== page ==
The minister also made clear that Norway would be willing to cooperate with other countries in need of new submarines, namely the Netherlands and Poland.
“Interest in the Gripen is greater than ever. We have a handful of countries that are interested in the Gripen E and F (one-seat and two-seat versions). We are in a situation where we are the only ones in the Western world who are developing a new fighter aircraft,” said Saab CEO Håkan Buskhe when he presented the company’s Q4 report yesterday.
India is one of the countries to which Saab hopes to sell the Gripen, and the company has stressed that it is prepared to meet India’s demand that the aircraft be manufactured in the country. Prime Minister Stefan Löfven (S) will visit India 13-14 February where he, along with Håkan Buskhe and a Swedish industry delegation, will meet Prime Minister Narendra Modi.
Commenting the development of a new trainer aircraft in a bid to win a US Air Force contract, Mr Buskhe told investors. “Our cooperation with Boeing is going extremely well and we have a concept that we are convinced will change the ‘training world’. We are very sure that we will be able to win contracts”.
Saab posted a profit after depreciation of SKr 1.34 billion for the fourth quarter. Sales amounted to SKr 10 billion, an increase of 36% on the corresponding period in 2014.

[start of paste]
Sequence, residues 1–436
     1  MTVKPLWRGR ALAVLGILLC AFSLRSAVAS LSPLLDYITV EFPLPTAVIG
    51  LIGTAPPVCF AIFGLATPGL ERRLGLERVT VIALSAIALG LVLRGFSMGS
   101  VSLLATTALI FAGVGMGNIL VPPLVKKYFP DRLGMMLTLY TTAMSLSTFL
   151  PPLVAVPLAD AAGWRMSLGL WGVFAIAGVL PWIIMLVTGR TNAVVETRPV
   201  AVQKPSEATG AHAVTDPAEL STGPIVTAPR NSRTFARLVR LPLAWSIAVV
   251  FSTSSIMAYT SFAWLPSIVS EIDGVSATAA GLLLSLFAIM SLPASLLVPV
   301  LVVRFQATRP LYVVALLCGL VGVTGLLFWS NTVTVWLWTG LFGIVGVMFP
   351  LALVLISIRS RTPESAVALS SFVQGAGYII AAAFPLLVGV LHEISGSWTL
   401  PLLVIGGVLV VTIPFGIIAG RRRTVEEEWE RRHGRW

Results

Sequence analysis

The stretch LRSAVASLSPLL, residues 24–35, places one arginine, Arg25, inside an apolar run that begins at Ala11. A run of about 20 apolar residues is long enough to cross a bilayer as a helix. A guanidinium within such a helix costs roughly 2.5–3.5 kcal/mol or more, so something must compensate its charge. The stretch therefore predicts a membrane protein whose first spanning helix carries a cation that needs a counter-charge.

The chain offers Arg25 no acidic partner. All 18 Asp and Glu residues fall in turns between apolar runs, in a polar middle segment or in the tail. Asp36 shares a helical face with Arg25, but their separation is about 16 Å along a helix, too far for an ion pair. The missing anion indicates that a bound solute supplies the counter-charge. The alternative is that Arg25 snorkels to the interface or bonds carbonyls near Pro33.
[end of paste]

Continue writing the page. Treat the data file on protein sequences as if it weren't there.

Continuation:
Earlier this month Saab launched a campaign to sell the Gripen fighter jet to India. CEO Håkan Buskhe was in New Delhi, along with Ulf Nilsson, the head of Saab’s aeronautics division.
This is no small deal we are talking about, comments Svenska Dagbladet. While Sweden has ordered 60 new Gripen E fighters, Brazil 36 and the Czech Republic has just signed an agreement on an upgrade of its 14 fighters (ed), India is probably looking at buying 200. This would certainly boost Saab’s sales, but the company could also lose some control over the fighter jet’s future development to India, according to journalist Tomas Augustsson, who also points out that the process is likely to be long and complicated, and may come to nothing. “And until then, what happens in smaller, neighbouring countries, on their way to acquiring new fighter jets, is more important,” he writes.